Art has always been both a mirror of and a balm for human experience through disaster. In this short series, an author of Daily Star Books—our book publishing imprint—will periodically explore a facet of this link between literature and our ongoing battle with Covid-19.
Leaving death and despair in its wake, the coronavirus courses its way through the globe, reminding one of a Biblical line—"There is no new thing under the sun." History has recorded pandemics raging across the world over time and terrible infections periodically devastating regions and lives. Several great books have been written about such catastrophes; one particularly apt recalling now is Daniel Defoe's A Journal of the Plague Year (1722).
The actual pandemic Defoe writes about is the Great Plague of London. Actually a bubonic plague virulent from 1664 to 1665, it spread quickly to outlying areas of the city. Eventually, it impacted other parts of the British Isles. Defoe himself was only five years old when it hit Londoners and spread across the island, but when he wrote about it, he was already the author of several political pamphlets, a journalist who wrote prolifically on anything and everything, a writer of books on trade and commerce, and of course the creator of pioneering works of fiction such as Robinson Crusoe (1719). He could claim, as had Francis Bacon, that he had taken "all knowledge as his province." Defoe had an eye for what the reading public wanted and would churn out books for them, but many were well-researched. He was, therefore, ready to write about London's bubonic plague, the type of unwelcome visitor he felt Londoners should always be prepared for.
Take, as an example, his observation on the way the plague spread. He noted "for the use of posterity" that it was not only obvious cases of visibly sick people infecting others that one should guard against; even more worrisome were cases where the infection spread through people without outward symptoms, who were unaware that they are virus carriers. Such people "breathed death in every place, and upon everybody who came near them; nay, their very clothes retained the infection, their hands would infect the things they touched, especially if they were warm and sweaty, and they were generally apt to sweat too." Human "effluvia" is seen to be the most potent means of spreading the disease. It is clear that old and sickly people as well as pregnant mothers and the very poor were the most susceptible groups as far as being infected was concerned.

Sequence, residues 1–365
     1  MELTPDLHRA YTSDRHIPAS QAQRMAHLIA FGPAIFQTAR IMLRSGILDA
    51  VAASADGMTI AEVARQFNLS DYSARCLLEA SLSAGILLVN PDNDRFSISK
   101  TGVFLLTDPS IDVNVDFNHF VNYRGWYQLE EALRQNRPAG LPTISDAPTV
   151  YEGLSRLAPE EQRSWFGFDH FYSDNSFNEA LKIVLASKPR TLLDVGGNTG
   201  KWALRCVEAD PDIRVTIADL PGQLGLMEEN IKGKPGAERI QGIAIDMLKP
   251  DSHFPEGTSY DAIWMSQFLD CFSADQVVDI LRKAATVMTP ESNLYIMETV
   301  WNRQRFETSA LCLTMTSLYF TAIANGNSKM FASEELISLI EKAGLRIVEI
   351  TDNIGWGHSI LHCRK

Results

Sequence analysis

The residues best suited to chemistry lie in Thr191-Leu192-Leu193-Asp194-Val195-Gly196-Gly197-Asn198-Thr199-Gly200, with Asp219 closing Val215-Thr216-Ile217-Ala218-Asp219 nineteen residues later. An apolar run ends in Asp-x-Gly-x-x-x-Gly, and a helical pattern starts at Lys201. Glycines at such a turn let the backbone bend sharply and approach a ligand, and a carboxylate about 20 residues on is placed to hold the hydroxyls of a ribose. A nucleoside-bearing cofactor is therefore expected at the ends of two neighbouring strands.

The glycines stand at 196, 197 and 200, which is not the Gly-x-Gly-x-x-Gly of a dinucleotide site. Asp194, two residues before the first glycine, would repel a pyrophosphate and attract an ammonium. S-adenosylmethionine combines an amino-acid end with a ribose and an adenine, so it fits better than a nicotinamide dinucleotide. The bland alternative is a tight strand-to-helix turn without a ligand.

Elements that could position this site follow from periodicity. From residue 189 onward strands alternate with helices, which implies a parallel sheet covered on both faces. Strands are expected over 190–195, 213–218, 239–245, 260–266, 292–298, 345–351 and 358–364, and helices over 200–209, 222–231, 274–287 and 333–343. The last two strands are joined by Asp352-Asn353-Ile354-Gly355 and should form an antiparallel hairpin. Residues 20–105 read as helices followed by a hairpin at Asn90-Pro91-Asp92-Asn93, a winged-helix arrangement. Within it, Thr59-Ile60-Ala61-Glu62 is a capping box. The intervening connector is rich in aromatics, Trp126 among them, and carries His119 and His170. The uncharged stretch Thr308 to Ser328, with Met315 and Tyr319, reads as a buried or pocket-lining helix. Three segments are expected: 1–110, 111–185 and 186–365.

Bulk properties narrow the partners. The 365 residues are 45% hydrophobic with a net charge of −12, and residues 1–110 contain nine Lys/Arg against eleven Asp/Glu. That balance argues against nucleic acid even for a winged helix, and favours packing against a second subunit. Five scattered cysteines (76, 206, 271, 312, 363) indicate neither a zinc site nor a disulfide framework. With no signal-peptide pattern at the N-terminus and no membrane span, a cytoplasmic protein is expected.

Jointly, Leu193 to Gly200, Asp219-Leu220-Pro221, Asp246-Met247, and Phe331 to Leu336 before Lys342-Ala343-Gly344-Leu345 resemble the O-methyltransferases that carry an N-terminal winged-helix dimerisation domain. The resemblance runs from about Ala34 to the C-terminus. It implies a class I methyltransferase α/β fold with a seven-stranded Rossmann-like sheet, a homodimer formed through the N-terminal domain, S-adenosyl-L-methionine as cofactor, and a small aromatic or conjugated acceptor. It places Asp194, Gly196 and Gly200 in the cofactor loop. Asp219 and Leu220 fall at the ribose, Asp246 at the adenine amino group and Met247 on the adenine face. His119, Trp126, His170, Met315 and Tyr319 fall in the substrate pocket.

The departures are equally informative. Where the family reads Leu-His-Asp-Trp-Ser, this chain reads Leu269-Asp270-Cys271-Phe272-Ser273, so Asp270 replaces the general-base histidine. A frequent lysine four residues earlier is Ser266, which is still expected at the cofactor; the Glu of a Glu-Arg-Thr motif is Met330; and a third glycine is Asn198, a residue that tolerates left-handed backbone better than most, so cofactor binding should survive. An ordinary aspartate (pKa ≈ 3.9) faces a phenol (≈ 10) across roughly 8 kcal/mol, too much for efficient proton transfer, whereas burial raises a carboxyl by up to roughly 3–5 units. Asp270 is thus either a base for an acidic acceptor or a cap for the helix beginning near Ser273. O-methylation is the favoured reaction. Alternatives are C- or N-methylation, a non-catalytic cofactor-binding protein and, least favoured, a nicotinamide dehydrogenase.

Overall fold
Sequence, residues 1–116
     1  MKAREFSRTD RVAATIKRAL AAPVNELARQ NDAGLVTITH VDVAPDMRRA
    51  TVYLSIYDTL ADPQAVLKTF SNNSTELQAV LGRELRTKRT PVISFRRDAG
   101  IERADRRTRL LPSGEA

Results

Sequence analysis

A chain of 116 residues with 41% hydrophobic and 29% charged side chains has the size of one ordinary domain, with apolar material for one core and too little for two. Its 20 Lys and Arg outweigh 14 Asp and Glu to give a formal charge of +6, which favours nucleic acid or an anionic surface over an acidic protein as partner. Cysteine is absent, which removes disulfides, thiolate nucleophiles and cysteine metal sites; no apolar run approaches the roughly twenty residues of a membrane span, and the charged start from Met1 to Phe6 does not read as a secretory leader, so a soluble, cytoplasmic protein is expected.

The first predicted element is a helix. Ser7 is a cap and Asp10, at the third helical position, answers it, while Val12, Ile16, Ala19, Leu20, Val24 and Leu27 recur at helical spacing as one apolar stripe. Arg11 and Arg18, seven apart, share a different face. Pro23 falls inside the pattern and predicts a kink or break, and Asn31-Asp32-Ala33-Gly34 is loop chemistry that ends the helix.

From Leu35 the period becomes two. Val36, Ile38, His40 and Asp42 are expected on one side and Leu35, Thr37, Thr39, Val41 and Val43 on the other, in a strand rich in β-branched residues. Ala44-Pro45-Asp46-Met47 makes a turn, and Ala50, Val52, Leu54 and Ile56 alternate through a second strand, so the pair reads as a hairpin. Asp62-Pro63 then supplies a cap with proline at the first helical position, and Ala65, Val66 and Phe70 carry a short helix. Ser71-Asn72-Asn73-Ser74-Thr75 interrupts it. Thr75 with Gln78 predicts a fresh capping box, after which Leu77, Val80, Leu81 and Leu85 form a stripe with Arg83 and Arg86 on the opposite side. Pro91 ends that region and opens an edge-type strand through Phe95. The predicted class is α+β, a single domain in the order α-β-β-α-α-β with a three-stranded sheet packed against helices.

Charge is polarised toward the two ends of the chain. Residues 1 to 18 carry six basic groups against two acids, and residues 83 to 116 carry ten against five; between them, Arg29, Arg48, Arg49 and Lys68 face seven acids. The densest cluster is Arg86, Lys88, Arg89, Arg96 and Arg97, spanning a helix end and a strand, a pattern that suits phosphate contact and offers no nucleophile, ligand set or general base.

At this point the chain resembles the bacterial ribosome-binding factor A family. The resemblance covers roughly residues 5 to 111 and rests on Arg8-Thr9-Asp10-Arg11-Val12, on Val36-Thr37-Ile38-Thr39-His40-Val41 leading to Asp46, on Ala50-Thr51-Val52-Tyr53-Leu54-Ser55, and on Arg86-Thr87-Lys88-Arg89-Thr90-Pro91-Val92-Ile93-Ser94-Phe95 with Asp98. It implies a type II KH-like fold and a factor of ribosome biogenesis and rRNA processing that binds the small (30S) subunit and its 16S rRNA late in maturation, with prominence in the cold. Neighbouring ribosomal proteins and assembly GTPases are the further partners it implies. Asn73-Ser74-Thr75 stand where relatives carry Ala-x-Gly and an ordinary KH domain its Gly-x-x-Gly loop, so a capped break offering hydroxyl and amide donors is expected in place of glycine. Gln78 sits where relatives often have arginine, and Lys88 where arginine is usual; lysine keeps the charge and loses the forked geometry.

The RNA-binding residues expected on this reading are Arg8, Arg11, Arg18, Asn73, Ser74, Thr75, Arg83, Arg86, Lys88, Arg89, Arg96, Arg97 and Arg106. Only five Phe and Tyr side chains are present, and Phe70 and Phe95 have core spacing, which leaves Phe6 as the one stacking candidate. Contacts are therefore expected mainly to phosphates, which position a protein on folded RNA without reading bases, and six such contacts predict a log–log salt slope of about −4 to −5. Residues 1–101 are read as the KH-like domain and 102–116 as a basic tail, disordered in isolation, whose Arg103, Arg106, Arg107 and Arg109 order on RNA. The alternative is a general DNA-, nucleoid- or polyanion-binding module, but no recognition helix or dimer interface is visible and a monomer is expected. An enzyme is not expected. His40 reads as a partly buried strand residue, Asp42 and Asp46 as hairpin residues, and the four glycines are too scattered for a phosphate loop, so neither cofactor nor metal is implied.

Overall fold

These observations remind us that medical science has known about such highly infectious diseases at least as far back as the Great Plague but has been unable to come up with effective solutions to such dreadful visitations till now. What the Journal's narrator—identified only as H F—said in 1722 is still relevant: "A plague is a formidable enemy, and is armed with terrors that every man is not sufficiently fortified to resist or prepared to stand the shock against."